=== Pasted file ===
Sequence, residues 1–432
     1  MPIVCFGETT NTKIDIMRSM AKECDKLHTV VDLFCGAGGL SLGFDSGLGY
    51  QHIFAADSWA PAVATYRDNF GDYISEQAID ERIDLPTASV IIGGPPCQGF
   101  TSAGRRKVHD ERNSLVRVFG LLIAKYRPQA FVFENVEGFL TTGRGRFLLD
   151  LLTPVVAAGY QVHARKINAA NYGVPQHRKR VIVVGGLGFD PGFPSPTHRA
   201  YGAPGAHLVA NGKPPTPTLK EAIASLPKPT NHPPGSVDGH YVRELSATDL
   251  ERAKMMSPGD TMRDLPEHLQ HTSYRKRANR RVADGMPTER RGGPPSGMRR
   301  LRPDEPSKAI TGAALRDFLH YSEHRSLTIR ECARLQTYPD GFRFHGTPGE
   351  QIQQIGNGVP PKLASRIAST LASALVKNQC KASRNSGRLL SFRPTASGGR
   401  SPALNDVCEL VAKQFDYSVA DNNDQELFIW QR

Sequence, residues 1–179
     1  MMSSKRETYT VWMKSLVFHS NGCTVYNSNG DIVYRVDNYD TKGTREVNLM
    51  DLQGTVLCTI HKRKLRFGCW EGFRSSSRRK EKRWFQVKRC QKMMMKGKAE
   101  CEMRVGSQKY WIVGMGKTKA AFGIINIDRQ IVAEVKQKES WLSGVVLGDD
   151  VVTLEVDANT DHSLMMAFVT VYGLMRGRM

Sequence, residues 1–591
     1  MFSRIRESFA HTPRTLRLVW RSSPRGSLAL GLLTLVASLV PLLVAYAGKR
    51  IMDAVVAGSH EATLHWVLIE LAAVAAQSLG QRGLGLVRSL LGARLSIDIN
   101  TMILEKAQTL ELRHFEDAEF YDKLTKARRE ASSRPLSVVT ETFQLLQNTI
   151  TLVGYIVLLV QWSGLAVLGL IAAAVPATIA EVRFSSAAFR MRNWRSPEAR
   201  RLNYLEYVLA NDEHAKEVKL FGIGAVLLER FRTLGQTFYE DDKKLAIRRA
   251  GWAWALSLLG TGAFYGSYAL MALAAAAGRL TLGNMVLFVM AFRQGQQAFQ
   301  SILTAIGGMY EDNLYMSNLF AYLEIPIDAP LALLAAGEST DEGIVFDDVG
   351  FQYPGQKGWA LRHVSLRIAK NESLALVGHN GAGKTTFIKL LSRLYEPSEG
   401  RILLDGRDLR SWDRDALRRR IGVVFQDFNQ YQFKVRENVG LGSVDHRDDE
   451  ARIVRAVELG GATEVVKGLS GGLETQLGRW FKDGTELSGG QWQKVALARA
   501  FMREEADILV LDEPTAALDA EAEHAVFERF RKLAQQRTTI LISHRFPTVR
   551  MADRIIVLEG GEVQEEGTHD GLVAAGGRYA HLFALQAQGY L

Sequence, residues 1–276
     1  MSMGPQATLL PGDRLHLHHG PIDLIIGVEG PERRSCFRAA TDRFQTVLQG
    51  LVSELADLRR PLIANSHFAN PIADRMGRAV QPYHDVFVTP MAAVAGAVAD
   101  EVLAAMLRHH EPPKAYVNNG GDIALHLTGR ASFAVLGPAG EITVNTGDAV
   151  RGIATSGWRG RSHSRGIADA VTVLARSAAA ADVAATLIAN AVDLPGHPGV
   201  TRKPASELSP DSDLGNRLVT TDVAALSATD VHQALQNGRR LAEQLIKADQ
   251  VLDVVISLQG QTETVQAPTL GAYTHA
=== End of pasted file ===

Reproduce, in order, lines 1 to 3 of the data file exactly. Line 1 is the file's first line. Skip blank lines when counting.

Sequence, residues 1–432
     1  MPIVCFGETT NTKIDIMRSM AKECDKLHTV VDLFCGAGGL SLGFDSGLGY
    51  QHIFAADSWA PAVATYRDNF GDYISEQAID ERIDLPTASV IIGGPPCQGF